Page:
We’ve had this article (or variants of it) brought to our attention a lot in the last couple of weeks. It’s about some new research by academic Rachael Jack which calls into question Paul Ekman’s idea that there are only “six basic emotions”. According to Jack’s work, there are actually four.

This has got a lot of press. People are really interested in the idea that there are common emotions that work across cultures – it’s a reason our FaceTrace® methodology, which measures emotions and uses Ekman’s model, has been such a success. 3 million people have used FaceTrace 5 million times in 75 countries, so we know it works – but what if Ekman was wrong?

We took a look at Jack’s paper – you can find it here, it’s a complex piece of work but worth looking at, and the findings are interesting.

So how many basic emotions are there? It depends on what you mean by basic. Jack is using basic to mean “irreducible”. There are, she says, four different sets of facial movements which are absolutely distinct from one another. Two of these expressions – anger/disgust and surprise/fear – then resolve over the course of a second or so into their component parts: four slightly more complex Ekman emotions. The others – sadness and happiness – are as Ekman describes. It’s a kind of evolutionary perspective – taking the earliest emotions to appear on the face as the earliest to develop. At no point is she saying emotions like surprise and fear aren’t distinct – just they share a common ancestor, one that is still written on our faces.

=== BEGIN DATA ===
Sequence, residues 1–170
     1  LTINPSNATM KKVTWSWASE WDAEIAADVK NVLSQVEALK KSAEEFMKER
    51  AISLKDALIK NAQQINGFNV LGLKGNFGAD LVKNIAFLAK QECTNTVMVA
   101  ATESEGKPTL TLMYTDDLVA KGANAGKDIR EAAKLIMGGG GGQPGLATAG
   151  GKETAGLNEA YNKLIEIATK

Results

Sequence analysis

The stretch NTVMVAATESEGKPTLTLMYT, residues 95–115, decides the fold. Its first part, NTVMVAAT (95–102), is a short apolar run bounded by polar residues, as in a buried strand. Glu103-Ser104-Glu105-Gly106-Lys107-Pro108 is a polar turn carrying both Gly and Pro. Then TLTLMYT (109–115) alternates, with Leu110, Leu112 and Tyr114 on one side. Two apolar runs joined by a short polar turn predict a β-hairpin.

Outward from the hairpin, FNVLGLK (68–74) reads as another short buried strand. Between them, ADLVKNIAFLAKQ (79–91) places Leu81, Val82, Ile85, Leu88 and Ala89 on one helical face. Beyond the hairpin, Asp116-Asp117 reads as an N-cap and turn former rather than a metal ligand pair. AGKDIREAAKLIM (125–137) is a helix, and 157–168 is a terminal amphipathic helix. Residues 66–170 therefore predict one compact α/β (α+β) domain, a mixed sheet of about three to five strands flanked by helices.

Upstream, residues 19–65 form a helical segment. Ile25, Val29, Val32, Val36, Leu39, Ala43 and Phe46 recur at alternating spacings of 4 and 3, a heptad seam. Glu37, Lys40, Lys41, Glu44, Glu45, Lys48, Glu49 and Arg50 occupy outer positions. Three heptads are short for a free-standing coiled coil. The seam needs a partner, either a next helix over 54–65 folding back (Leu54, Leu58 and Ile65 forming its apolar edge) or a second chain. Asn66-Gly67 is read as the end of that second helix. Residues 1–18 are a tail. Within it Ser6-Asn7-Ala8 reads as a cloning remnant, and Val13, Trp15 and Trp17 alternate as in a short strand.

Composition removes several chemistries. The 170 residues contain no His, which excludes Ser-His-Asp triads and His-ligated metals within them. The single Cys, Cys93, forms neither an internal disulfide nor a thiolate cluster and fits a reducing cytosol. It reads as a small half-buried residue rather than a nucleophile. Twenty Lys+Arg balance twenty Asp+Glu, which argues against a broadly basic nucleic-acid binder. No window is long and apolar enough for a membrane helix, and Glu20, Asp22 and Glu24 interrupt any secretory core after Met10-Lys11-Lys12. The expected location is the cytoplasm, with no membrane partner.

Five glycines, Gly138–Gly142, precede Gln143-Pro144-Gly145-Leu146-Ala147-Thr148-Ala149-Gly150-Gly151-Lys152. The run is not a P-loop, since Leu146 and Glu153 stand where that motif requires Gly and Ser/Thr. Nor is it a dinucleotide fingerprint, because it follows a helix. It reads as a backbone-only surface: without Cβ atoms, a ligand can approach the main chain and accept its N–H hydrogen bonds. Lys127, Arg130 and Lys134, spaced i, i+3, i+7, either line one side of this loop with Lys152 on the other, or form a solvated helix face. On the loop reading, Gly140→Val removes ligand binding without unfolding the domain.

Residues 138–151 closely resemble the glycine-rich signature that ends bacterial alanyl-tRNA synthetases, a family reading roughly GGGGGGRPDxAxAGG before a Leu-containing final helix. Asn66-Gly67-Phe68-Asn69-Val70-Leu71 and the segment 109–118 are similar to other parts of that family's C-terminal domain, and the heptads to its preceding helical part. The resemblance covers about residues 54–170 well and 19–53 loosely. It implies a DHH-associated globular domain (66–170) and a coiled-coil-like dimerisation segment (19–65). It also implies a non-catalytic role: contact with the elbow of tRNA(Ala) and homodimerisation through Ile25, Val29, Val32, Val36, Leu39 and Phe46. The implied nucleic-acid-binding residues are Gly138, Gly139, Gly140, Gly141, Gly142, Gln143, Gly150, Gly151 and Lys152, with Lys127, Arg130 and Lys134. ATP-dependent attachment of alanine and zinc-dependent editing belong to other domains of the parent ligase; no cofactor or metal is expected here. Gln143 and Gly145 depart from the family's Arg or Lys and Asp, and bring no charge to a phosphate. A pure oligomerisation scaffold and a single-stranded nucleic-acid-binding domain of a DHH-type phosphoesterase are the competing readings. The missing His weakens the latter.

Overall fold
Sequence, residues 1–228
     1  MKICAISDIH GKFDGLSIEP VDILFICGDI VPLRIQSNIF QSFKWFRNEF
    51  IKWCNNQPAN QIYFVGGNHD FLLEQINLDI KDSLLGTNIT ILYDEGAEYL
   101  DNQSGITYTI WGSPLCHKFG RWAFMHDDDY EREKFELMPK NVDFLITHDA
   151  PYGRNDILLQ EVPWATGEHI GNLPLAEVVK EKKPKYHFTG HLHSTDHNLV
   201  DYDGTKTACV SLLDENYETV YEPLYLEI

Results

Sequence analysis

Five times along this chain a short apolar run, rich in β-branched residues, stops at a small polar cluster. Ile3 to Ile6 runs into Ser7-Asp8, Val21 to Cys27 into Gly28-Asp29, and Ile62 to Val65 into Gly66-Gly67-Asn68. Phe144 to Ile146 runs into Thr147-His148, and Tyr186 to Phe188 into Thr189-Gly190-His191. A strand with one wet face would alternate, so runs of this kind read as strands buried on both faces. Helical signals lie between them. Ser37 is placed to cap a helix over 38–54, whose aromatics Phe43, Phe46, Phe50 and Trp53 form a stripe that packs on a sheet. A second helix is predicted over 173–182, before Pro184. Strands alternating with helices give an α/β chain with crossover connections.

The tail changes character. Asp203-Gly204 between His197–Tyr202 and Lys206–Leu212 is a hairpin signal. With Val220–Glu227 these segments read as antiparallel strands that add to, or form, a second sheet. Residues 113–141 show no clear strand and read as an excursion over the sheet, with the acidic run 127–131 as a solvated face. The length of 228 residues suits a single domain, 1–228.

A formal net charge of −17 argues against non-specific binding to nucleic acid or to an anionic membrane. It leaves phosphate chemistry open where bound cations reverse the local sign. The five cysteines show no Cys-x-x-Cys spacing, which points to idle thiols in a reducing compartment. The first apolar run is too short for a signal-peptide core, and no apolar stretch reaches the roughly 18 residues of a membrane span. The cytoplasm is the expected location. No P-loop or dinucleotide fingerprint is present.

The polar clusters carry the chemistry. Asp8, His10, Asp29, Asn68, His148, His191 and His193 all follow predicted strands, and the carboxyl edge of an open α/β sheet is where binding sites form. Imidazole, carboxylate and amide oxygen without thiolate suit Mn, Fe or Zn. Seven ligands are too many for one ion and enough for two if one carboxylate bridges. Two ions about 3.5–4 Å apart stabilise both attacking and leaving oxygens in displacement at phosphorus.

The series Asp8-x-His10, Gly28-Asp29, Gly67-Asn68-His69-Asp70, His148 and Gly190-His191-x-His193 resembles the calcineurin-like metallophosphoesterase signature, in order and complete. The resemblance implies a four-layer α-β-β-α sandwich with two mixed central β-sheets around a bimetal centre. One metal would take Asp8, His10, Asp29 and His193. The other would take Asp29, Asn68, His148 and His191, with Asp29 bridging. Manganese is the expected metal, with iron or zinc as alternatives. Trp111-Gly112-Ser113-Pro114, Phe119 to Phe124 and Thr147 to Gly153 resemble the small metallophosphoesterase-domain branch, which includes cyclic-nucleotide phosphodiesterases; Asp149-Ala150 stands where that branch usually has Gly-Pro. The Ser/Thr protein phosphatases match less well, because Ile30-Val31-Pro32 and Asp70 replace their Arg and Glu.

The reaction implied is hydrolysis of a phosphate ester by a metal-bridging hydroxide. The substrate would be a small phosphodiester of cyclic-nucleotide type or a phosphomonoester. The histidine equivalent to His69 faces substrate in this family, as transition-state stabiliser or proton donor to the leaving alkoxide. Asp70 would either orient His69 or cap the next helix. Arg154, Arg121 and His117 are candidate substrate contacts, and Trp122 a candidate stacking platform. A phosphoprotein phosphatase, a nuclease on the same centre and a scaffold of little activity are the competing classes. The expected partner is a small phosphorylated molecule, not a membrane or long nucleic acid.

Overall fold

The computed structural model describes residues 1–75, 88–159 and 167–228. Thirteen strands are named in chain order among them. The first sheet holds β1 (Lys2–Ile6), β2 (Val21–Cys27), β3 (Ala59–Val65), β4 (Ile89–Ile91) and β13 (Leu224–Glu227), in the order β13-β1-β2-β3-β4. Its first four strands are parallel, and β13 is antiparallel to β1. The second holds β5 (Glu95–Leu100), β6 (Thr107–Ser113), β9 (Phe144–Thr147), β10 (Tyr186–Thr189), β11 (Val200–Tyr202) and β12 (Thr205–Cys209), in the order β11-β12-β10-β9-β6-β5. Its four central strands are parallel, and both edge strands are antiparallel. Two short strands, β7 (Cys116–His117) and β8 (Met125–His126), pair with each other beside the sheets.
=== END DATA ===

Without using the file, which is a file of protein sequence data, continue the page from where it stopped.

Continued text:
It’s a fascinating idea, but it has little to do with the other meaning of basic – the common emotions we all recognise and share today, rather than the ones we shared millions of years ago. This is what Ekman’s work was based in – identifying cross-cultural, universal emotions. Whether or not anger and disgust share a common emotional ancestor, or take fractionally longer to resolve on the face, isn’t strictly relevant to that. (Ekman himself expanded the set of basic emotions to include Contempt, after all.)

The question for marketers and researchers is – which idea of “basic” is more useful? The one which tells us how emotions evolved in our deep ancestry, or the one which describes how they’re used around the world today?

This – we hope! – is a no-brainer. Try it yourself – think about surprise, and fear: they simply feel different. The universal set of emotions expressed in 2014 is just a lot more useful than the universal set of emotions found in 1,000,000 BC. From a scientific point of view, knowing about the ancient emotions is fascinating. From a marketing perspective, Jack’s results are a bit of a dead end. If you want to understand the emotions humans feel today, the Ekman emotions are still your best bet.

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